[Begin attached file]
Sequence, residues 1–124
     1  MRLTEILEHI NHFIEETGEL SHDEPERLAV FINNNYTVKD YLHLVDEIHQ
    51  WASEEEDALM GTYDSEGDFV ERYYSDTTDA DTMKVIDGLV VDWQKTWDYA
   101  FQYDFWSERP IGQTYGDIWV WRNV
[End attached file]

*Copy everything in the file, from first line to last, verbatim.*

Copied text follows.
Sequence, residues 1–124
     1  MRLTEILEHI NHFIEETGEL SHDEPERLAV FINNNYTVKD YLHLVDEIHQ
    51  WASEEEDALM GTYDSEGDFV ERYYSDTTDA DTMKVIDGLV VDWQKTWDYA
   101  FQYDFWSERP IGQTYGDIWV WRNV